Betty Afton Hogan Berg

Betty Afton Hogan Berg drew her last breath on May 31, 2016 in Round Rock, Texas at age 92. Betty was born on January 31, 1924 in Hatch, Idaho to parents Alma Nelson Hogan and Elizabeth Myers Lloyd Hogan. Betty was the eldest of 5 children.

Betty became profoundly deaf at age 5 from a formidable foe, Spinal Meningitis and would have to learn to walk again. This took over 2 years and she entered the Idaho School for the Deaf at age 8. At 15, she read the book, “Gone with the Wind” and wrote a letter to author Margaret Mitchell asking if there would be a sequel. Betty was bookish and this served her well in life. Graduating in 1941, she headed off on a train with a full scholarship to attend Gallaudet College in Washington, D.C. She travelled the train in a car full of American soldiers heading East. Assuredly, she was the topic of conversation aboard the Union Pacific as she was striking in personality, looks and spirit. She was in for a complete culture shock once she set foot on the streets of our nation’s capitol.

Awe-inspiring Georgian architecture, massive monuments, and big buildings were all new territory for this courageous cowgirl. The academic program at Gallaudet included Latin and she immersed herself in her studies and social activities—this was against the backdrop of a country still reeling from the Great Depression and awash in awe-inspiring patriotism during World War II.

Soon, she met a smart and reserved Montana boy, Thomas Olof Berg at a dance at Gallaudet and it was love at first sight for both. She was struck by how he comported himself as a gentleman. Tom said that Betty was “saucy” like his favorite cinema actress, Susan Hayward. They married on June 6, 1945. They balanced one another out, and together, they taught in two residential schools for the deaf, Maryland and Idaho. Later, Tom took a job as Assistant Dean of Students and Head Track Coach at Gallaudet College in 1956, and their growing family drove their 1956 Ford Fairlane from Idaho to the D.C. area. Betty was a stay-at-home mom for many years. Later, she would become a fixture at Gallaudet University in the Department of Sign Communication and taught sign language.

From the 1960’s through the 80’s, Betty would teach hundreds of students—some included a couple of U.S. Congressmen, past presidents of Gallaudet, parents of deaf children, and late deafened adults. One of her proudest achievements was teaching a young Army veteran who had recently lost his hearing to a bomb blast in Viet Nam. She helped this PTSD survivor in a significant way. Having two sons in the Navy (Fred) and Army (Dave) during that tumultuous era and knowing the costs of any war were particularly poignant for Betty. Especially then. In 1973 she started teaching sign language in the public school system. She retired from Parkdale High School in 1986 having inspired many young students to pursue careers in deaf education, interpreting, etc. Betty was there at its genesis when sign language instruction was gaining momentum and traction. Today, American Sign Language has risen to great prominence and meets the criteria of a foreign language credit in many high schools across the country.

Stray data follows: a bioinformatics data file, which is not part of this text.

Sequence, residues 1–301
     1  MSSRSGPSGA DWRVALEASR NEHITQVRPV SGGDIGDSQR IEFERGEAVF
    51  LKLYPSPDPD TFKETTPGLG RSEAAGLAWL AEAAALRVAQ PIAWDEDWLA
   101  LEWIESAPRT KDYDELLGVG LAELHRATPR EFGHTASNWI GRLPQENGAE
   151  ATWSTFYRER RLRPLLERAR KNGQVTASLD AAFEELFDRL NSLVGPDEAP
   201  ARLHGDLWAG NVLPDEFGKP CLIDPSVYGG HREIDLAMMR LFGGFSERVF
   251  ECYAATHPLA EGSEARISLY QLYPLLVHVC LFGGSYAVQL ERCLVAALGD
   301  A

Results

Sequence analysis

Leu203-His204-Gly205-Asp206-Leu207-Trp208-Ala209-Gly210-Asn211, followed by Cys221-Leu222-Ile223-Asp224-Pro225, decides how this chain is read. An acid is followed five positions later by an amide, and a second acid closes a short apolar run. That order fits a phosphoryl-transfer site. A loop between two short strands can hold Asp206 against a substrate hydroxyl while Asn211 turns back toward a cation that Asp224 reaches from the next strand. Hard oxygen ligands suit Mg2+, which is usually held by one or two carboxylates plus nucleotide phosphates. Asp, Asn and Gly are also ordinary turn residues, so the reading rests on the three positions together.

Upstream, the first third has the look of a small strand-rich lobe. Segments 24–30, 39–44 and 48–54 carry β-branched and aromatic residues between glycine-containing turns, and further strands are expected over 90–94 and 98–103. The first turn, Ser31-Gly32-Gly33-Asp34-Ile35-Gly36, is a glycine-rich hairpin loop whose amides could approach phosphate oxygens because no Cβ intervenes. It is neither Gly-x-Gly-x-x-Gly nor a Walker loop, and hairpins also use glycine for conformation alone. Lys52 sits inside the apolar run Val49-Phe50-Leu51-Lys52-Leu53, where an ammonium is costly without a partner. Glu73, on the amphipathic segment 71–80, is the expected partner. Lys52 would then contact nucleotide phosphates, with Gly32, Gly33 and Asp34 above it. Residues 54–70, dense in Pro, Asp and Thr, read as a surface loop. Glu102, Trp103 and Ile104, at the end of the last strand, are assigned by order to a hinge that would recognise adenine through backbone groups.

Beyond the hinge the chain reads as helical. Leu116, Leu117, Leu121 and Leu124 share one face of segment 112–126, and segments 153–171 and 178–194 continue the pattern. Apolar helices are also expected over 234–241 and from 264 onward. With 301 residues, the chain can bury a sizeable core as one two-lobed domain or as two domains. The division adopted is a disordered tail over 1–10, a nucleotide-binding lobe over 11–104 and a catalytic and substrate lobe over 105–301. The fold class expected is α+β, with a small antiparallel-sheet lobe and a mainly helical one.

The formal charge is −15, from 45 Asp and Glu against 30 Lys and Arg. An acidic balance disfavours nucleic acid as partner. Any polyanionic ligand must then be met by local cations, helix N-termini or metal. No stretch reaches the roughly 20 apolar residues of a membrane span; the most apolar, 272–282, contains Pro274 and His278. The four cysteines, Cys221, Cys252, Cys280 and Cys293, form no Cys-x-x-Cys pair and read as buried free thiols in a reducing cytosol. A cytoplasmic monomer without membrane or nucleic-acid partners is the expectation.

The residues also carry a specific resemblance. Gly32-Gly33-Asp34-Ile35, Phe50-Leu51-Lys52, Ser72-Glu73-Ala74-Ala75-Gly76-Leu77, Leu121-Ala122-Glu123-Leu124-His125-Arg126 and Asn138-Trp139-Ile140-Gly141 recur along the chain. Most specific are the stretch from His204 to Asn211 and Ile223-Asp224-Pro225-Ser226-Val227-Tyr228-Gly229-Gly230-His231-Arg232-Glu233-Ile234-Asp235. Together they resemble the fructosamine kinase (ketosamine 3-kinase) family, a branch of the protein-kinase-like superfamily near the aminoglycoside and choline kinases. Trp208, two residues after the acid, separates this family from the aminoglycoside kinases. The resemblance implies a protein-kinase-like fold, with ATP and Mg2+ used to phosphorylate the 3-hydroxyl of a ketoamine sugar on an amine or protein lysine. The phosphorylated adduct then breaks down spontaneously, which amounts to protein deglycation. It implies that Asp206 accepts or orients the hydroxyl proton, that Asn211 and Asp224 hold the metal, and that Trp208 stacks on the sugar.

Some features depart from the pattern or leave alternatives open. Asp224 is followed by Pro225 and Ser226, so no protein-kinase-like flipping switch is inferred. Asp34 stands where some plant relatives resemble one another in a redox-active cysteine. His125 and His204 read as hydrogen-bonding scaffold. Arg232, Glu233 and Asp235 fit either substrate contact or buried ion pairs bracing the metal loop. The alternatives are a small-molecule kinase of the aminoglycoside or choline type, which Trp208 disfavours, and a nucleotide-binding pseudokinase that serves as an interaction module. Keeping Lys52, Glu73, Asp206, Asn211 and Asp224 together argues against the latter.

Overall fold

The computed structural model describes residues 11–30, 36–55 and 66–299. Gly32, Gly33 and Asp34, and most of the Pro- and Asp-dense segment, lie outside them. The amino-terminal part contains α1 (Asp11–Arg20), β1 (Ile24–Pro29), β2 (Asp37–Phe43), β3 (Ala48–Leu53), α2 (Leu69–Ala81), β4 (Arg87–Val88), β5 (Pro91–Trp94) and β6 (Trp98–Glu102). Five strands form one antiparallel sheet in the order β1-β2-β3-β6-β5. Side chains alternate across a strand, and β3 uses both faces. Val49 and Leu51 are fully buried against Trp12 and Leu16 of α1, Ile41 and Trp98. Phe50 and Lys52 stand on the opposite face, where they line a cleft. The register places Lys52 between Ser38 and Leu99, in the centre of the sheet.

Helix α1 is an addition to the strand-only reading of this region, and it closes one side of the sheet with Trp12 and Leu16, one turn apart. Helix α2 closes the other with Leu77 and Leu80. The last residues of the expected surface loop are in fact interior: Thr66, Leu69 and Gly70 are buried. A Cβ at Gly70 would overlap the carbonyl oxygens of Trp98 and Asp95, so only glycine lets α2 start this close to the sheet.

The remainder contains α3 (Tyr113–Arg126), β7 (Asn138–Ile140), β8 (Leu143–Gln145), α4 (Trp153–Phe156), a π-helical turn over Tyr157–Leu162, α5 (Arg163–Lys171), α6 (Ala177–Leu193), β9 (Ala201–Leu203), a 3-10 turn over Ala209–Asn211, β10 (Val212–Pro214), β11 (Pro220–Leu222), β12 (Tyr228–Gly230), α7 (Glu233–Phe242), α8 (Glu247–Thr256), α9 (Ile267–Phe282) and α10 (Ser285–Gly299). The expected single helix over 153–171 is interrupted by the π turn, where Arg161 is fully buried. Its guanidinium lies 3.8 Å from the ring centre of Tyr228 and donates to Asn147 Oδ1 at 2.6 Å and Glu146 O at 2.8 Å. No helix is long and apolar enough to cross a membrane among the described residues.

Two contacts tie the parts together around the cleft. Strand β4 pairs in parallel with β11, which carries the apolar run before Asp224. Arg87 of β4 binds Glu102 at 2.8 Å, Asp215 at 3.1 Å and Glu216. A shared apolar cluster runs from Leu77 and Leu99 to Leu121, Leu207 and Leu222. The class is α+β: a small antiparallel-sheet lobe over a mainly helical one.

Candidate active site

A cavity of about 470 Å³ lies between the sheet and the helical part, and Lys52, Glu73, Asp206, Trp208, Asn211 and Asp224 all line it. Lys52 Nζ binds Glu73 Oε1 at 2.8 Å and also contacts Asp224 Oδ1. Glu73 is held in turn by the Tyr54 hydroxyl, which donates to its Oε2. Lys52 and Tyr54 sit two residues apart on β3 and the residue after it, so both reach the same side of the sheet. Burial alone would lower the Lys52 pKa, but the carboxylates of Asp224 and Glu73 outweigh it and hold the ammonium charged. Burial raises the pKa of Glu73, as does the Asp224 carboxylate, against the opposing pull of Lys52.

Betty had no artificial persona. She took people at face value and saw beyond labels, class distinction, and background. She was a “people person” to her core. Part of her calling card was her authenticity. Known for her fire, loyalty, intelligence and her fun loving nature, Betty’s pioneer heritage was strong. She held true to her core values and beliefs throughout her life never caving or knuckling under pressure to conform to anything that did not ring true to her. Her parents forged a fruitful life and were proud cattle ranchers of the BAR ON located on the Oregon Trail. Through determination and grit, it was one of the nicest ranches in Southeastern Idaho.
Betty loved the rugged beauty of the Mountain West. She recalled instances when her father would ask her to join him on cattle drives and she went along with great joy coming back from each long ride caked with trail dust. When asked recently if she was a proud Idahoan, she exclaimed with steely and squinted blue-grey eyes, “you bet I am!” Her life force was full of verve and her laugh was infectious to the ear and eye. She was a tremendous helpmate to her wonderful husband, Tom, and was a beloved teacher and friend to many.

Clearly, the centerpiece of Betty’s life were her family. Survivors include her beloved children Frederick, David and Jennifer. Daughters-in-Law include Chris and Rosario. Grandchildren are Sarah, Erika, David and Trina. Great grandchildren are Levi, and twins Owen and Braxton, her sisters Joyce Bowles (George), Mary Anne Yorgason (Kendall) and Susanne Eliason(Peter). She is predeceased by her beloved brother, Bill and her loving and faithful husband, Tom. Her earthly departure leaves a big hole in our hearts, but we know we shall see her again.

In lieu of flowers, donations may be made to the your local animal shelter or the Veterans of Foreign Wars ( ) in her memory. Services under the direction of Sims Funeral Services, Soda Springs, Idaho (208) 547-3742). Funeral will be held at the Church of Jesus Christ of Latter-Day-Saints in Bancroft, Idaho on June 18, 2016 at 12:00 p.m. with internment to follow in Chesterfield, Idaho. Rudyard Kipling’s poem “If for Girls” was her guiding light for 75 years; it hung proudly in the original frame by her bedside since she was a teen. Go sweetly, Betty Afton. Psalms 23.